Convenience stores braving the retail storm

Sarah Stowe

No longer seen as just an expensive alternative to supermarkets, local convenience stores offer time-poor consumers a viable shopping option for last minute grocery purchases. However times have been tough, so in challenging trading conditions what’s the key to success in this industry?

Analysis firm IBISWorld published a report in January 2019; it focuses on those outlets primarily selling convenience goods and does not include service stations with add-on convenience stores.

The report shows households have kept a tighter grip on their wallets and stores have needed to shift their merchandise focus and pricing to ensure their offers are competitive. Major supermarkets have encroached on the convenience space and there has been a decline in demand for tobacco products.

However franchised chains, particularly those with fuel retailing attached, have been better placed to face the challenges. Take 7-Eleven, which holds the top spot in the sector with 9.5 per cent of market share. The business has refreshed its store design, broadened its service offer, introduced a focus on fresh and healthier foods, and talked up its sustainability program.

“7-Eleven has strengthened its industry position over the past five years.” Bao Vuong, report author said.

Vuong noted the differences between capital city, franchised outlets and the regional independent milk bars.

“Individual 7-Eleven stores tend to earn higher revenue on a yearly basis compared with milk bars and other traditional convenience stores as they are usually located in prominent urban centres.”

Convenience store predictions

Predictions for 2019-24 showed a drop in revenue, and profit margin. But there are growth opportunities in the sector, suggested Vuong, if operators take the following steps: collaborate with suppliers, bring in store innovation and consumer offers, and develop brand differentiation.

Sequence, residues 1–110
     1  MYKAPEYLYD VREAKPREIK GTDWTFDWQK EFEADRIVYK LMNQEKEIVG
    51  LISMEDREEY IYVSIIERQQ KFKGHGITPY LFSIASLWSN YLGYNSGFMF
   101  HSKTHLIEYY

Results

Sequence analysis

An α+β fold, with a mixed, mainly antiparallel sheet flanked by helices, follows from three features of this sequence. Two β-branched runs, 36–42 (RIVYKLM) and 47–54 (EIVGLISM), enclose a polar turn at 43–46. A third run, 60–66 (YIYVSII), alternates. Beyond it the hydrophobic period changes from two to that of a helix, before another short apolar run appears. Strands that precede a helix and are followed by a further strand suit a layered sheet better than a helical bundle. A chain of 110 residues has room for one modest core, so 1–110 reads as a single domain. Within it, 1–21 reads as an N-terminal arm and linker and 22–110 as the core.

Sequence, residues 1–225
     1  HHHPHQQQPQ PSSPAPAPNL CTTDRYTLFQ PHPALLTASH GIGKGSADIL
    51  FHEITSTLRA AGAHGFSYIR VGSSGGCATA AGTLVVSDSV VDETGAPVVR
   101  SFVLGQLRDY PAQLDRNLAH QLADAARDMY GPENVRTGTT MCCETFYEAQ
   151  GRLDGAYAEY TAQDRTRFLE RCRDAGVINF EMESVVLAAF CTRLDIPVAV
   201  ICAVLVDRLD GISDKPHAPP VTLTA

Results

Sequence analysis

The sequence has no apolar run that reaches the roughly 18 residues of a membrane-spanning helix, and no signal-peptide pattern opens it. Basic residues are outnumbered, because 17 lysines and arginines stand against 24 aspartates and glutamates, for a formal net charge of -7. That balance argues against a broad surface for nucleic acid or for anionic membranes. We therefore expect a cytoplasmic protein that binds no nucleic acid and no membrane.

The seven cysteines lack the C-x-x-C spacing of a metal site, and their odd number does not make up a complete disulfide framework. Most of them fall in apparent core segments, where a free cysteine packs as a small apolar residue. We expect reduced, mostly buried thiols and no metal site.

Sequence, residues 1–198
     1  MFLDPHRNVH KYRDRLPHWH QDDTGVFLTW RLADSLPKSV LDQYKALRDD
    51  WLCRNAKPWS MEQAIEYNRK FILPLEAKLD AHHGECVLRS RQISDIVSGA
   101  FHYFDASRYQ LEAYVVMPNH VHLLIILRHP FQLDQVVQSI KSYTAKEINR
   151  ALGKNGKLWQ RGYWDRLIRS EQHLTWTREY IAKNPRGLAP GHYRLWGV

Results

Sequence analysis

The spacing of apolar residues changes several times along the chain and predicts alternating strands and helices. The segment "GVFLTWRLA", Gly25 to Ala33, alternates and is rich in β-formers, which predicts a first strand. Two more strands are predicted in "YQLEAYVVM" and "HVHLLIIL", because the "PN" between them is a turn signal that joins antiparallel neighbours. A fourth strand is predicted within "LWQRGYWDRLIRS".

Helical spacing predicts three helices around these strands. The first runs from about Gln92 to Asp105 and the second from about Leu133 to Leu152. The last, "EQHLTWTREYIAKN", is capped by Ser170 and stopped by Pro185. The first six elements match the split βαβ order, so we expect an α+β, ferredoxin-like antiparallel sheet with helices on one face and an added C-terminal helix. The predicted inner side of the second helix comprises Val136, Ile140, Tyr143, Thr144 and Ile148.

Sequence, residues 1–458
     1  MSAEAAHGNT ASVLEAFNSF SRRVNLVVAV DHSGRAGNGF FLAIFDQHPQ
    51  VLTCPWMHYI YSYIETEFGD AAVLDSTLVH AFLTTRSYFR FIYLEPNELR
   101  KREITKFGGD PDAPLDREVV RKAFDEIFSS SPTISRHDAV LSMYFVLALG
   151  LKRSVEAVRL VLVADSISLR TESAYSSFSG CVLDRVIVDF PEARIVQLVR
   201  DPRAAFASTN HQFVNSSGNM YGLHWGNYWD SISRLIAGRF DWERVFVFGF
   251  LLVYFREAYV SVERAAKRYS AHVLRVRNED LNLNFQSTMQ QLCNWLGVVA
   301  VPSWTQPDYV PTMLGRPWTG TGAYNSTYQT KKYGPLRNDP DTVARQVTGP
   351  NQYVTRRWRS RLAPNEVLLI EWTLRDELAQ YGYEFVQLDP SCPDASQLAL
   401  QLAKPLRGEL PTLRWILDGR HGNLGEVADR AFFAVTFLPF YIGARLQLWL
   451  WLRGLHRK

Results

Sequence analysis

“Further growth opportunities will likely stem from firms expanding their range of fresh and healthy food items, engaging with smartphone users and developing applications to boost sales, implementing self-service check-outs with contactless payment technology, introducing rewards programs and offering essential groceries in bulk.”

The sector has to embrace the changes and find ways to gain market share. For instance, gaining ground on post offices and newsagencies by offering lottery ticket sales and postal services.

If networks tackle the changing tastes of the population by introducing healthier ready meals there is likely to be an impact on store size if larger coolrooms are required.

Vuong is clear there are some simple steps to take in-store: Quick and easy service, clear store layouts, attractive merchandise displays and additional services.

Among the most competitive products at convenience franchised outlets are takeaway food, newspapers/magazines, health and beauty items and cigarettes. Specifically, in 2019-19, tobacco had a 37.5 per cent product share, making it by far the most commonly found item, ahead of beverages with 25.6 per cent and snacks and confectionery with 10.5 per cent product share.

As a whole, the convenience industry generated $4.7bn in revenue over 2018-19, with a $273.9m profit result. Unsurprisingly for the industry’s 8114 businesses, wages continue to be a massive outlay, costing a total of $439.1m over the period.

According to IBISWorld, the three most clearly represented convenience chains in Australia are 7-Eleven with 9.5 per cent market share, Lucky 7 with two to three per cent market share and NightOwl, which holds less than one per cent market share.

Fancy a career in the convenience? Check out these great franchising opportunities.